It’s the end of an era on Windermere Drive.
After more than three decades, St. Clairsville resident Mike Maistros has moth-balled his Griswold-esque exterior Christmas lights display, which, at its peak, was dubbed “Oglebay West.” The display consumed $700 of electricity per month and drew holiday gawkers from near and far.
“It’s been an institution,” said St. Clairsville resident Doug Hocking. “Mike’s lit up that area for years and people have looked forward to it year-in and year-out. So kudos to him. But I understand the need to walk away from it.”
Lest people start calling him “The Greek Who Stole Christmas,” Maistros does have a good excuse.
The grizzled ex-Marine said he’s getting too old to be crawling around on his roof, putting up decorations.
“He actually fell off a ladder a few years back,” said his wife, Mary. “And that’s what scared me. And I said, ‘No more.’ It was fortunately on the low side of the house. The back side, you know, he’d be dead.”
The story of the Maistros’ Christmas display began in 1980, the year they moved from Colerain to St. Clairsville, to a home that sat on a much bigger parcel of land. He quickly got to work.
“No particular reason,” he said, “other than it’s a big yard and it was just barren. And it was empty. So I kept putting a little bit here and a little bit there, and it kept growing.”
His first major purchase was a 70-foot train fabricated by a mine cable company in Bellaire that cost him $1,800. They made a couple of poinsettias and candles, too. Every year he added something new.
“And people were expecting what new thing you were going to have,” he said. “So we would do sections, and it just kept growing.”
Avid Ohio State Football fans, the Maistroses would make a pit stop in Frankenmuth, Mich., en route to see the Buckeyes take on Sparty in East Lansing. Frankenmuth is home to Bronner’s Christmas Wonderland, which bills itself as “the biggest Christmas store in the country.”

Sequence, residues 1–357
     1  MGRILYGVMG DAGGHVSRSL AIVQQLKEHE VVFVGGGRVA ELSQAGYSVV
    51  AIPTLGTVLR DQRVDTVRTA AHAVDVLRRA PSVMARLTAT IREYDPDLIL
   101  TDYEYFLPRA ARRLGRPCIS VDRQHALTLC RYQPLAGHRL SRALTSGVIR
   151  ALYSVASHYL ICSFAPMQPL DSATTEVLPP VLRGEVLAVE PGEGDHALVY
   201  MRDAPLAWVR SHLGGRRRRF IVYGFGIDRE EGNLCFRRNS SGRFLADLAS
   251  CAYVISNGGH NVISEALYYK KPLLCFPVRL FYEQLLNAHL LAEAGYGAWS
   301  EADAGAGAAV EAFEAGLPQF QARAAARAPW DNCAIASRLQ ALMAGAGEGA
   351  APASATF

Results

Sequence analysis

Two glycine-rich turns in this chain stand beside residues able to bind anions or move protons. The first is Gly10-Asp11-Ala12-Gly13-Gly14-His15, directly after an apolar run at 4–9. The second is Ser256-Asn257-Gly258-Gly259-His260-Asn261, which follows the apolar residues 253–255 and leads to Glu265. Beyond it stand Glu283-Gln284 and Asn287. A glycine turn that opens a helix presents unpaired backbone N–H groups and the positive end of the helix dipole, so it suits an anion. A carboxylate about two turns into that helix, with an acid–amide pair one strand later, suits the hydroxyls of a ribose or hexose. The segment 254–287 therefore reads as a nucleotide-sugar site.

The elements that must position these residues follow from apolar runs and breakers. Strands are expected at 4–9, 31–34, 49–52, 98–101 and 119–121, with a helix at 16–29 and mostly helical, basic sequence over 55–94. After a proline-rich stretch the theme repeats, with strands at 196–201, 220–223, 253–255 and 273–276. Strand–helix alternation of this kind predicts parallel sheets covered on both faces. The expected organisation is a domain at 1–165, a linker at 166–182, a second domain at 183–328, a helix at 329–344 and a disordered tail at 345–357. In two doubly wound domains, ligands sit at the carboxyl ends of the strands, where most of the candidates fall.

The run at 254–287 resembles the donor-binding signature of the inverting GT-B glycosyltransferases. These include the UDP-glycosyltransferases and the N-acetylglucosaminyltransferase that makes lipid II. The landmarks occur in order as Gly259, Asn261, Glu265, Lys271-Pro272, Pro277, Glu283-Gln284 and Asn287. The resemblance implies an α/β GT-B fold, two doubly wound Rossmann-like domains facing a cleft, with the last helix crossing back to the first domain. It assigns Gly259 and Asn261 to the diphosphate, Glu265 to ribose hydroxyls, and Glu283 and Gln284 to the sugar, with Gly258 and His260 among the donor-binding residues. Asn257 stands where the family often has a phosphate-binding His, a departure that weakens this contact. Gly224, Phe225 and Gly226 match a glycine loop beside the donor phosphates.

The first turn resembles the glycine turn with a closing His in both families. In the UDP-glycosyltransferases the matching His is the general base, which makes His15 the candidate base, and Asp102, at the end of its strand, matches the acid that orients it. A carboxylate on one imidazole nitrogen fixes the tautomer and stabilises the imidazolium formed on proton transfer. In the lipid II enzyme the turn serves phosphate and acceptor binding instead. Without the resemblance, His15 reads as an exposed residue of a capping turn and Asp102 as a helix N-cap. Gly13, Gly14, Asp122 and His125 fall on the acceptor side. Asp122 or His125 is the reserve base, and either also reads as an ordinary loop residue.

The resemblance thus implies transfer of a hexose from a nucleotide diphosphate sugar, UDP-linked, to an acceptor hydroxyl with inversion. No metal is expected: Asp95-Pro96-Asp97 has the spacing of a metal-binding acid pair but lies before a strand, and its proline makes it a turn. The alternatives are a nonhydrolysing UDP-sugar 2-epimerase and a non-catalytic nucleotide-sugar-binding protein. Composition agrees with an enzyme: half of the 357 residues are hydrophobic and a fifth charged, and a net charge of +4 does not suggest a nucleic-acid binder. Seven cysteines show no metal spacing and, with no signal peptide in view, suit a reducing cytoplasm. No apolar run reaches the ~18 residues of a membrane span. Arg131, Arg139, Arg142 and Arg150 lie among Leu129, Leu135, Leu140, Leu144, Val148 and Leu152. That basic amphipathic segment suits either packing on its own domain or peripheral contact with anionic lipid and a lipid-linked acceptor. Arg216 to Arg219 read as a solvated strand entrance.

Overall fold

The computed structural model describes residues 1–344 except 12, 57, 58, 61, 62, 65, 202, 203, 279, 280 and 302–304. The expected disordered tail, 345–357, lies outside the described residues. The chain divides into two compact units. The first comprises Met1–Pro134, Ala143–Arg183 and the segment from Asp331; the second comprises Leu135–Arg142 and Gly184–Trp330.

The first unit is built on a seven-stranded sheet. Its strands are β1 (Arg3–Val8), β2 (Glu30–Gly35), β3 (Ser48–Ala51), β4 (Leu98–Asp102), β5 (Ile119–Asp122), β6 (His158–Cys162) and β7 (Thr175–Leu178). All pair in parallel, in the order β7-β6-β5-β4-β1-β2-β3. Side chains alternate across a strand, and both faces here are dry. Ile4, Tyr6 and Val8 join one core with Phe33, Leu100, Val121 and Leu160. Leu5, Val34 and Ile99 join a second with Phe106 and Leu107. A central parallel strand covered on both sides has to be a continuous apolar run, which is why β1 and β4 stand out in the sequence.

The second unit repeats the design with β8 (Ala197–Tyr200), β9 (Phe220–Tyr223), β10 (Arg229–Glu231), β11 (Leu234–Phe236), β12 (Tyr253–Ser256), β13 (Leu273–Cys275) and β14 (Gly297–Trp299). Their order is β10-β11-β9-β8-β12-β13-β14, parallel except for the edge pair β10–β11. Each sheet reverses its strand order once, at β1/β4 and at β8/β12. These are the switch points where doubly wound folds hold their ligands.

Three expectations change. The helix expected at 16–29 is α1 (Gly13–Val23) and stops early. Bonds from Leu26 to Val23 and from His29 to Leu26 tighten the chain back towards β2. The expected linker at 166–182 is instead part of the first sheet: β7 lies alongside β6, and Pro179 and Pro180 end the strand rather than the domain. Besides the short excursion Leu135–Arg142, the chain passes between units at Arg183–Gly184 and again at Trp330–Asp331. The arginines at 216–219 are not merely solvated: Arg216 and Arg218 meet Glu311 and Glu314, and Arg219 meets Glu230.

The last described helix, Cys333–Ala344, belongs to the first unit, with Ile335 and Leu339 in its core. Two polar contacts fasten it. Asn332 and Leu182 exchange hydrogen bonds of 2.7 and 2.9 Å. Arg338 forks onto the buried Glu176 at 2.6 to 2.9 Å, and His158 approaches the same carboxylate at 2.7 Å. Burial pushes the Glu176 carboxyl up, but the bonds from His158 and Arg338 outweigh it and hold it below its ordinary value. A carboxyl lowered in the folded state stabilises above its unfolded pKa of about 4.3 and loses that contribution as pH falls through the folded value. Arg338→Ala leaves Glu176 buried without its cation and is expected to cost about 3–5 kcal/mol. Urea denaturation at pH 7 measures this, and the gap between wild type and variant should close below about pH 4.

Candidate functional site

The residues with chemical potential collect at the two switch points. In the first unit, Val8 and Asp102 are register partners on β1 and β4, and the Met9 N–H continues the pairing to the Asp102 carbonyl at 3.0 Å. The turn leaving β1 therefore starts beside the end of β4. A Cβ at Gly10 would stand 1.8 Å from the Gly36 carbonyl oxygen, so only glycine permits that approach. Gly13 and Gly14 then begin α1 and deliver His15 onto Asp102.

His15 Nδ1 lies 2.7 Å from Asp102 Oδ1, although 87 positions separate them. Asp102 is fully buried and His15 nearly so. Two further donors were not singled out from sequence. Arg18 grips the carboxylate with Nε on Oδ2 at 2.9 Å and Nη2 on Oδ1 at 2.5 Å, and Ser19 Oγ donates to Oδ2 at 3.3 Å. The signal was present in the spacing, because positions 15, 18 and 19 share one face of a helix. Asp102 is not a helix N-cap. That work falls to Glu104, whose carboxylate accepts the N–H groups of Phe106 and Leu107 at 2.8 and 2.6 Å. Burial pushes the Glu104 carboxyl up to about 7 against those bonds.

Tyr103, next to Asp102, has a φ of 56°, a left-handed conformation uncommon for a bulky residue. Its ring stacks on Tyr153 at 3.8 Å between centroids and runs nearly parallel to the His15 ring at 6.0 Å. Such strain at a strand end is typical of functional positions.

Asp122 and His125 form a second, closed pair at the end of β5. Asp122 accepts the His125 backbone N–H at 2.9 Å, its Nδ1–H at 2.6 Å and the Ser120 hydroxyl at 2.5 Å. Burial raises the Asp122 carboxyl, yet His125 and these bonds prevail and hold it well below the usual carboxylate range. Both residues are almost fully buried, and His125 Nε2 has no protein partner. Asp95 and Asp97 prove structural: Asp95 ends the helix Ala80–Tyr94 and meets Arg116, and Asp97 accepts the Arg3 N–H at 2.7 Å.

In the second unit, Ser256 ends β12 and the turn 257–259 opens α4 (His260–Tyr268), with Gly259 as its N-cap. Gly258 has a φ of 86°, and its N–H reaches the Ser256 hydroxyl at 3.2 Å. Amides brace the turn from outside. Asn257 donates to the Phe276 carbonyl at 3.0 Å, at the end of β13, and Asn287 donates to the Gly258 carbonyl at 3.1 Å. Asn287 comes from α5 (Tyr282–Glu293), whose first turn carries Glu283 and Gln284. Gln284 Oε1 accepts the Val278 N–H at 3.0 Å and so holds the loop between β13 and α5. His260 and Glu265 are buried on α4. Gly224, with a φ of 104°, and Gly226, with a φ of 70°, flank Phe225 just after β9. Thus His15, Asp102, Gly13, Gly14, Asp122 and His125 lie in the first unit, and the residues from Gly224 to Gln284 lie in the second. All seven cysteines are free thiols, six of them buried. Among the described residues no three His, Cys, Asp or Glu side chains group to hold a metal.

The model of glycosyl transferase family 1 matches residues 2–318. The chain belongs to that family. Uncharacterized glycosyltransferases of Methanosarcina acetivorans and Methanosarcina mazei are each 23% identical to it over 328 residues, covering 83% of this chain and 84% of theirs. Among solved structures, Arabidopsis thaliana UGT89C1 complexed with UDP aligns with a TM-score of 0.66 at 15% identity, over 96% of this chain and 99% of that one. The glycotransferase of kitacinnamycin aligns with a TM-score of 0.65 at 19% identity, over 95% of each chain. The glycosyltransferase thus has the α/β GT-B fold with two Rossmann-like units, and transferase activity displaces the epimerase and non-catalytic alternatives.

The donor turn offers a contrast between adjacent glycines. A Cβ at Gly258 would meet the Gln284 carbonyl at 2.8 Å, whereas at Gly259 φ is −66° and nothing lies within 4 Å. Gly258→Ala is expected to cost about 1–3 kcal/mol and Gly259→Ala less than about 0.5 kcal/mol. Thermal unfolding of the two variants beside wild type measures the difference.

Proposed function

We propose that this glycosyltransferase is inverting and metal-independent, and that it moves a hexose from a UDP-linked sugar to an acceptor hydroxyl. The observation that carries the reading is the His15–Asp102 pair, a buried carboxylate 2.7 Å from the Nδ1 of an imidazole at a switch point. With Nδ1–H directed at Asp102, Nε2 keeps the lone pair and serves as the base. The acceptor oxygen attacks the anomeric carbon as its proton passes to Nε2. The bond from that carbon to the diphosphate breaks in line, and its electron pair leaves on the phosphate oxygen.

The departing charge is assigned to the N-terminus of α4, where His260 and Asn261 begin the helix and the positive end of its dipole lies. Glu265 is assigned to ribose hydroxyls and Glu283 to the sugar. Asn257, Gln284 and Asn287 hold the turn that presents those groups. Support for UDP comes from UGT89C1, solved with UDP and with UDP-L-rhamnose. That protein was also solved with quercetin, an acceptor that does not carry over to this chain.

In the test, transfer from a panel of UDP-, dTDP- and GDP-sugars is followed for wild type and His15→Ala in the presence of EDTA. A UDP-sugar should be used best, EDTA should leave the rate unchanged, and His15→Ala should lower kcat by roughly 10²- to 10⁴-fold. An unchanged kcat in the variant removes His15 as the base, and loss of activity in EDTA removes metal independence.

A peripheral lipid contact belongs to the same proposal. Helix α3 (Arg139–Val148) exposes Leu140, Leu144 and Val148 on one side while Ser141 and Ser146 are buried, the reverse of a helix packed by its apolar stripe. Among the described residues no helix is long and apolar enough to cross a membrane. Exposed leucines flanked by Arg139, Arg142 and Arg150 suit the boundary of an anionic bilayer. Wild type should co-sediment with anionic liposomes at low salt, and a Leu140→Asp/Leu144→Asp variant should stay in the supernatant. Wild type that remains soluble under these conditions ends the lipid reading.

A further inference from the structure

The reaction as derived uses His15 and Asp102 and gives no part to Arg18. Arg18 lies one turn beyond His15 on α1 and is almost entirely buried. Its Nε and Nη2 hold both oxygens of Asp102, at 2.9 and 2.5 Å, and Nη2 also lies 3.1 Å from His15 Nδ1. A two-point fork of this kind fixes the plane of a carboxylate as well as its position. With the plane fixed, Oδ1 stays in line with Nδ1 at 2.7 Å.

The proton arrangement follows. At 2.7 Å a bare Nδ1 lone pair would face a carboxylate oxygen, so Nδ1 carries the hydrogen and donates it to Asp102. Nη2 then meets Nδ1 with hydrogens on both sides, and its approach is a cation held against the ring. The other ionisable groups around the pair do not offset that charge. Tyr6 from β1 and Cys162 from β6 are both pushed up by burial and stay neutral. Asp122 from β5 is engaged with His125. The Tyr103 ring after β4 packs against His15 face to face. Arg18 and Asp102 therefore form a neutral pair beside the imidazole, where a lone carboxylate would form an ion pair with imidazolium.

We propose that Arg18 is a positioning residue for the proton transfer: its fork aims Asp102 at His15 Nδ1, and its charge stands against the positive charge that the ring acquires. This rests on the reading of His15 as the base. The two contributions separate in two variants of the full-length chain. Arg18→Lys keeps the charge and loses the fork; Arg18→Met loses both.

“There was a couple – we called ’em flashers – that we bought from Frankenmuth and brought them back,” Mike Maistros said. “And they were pretty unique. You didn’t see ’em around here. And then we had a bell that would ‘ring.’ The lights would go, and it would look like it was moving.”
As the display grew, it began consuming more and more electricity. The Maistroses employed the services of Earnest Debertrand, a local electrician, to add a 200-amp service to their back yard. Each of the train cars, for example, required its own circuit breaker.
“Every year, poor old Ernie would have to come in and straighten things out after I screwed them up,” Maistros said.
As the years went by, the legend grew, and people began to expect the lights to be on at 101 Windermere Drive by a certain time of year. But Maistros kept pushing back the plug-in date to save on electricity.
“We actually had people who would call up on Thanksgiving and complain that the lights weren’t on,” he said. “They’d tell me they ‘had people from out of town.’ And, ‘When were we going to turn the lights on?’ That kind of thing.”
The St. Clairsville Recreation Board used to hold a best-decorated-house contest. And every year, the Maistroses would take home first prize. It got to the point where it was embarrassing.
“We stopped submitting after awhile,” Mary Maistros said. “It wasn’t fair.”
On Halloween, young children would knock on the Maistros’ door, peek around them as they passed out candy, and ask if “Santa Claus still lived there?”
While their over-the-top Christmas display made for some great memories, this year the Maistroses decided to hang up their Santa hats.
Age and falling off the roof aside, their longtime helper, Craig Hoffer, decided to up and move to Florida.
Mike Maistros had a difficult time finding a municipality that wanted two truckloads of old Christmas lights and decorations, but eventually found a taker in the village of Yorkville.
“There’s actually people upset right now,” Mary Maistros said. “You know, that the lights aren’t on. ‘It was my childhood,’ they’ll say. These people had come past for years. On Facebook, there’s a lot of people complaining.”
There are upstarts vying for the title of “Oglebay West” in the wake of the Mike Maistros’ retirement. He dismissed them with a chuckle and an insouciant wave.
“I saw some people in the newspaper the other day,” he said. One man “said something about people comparing him to Oglebay. But, whatever. We had the title first.”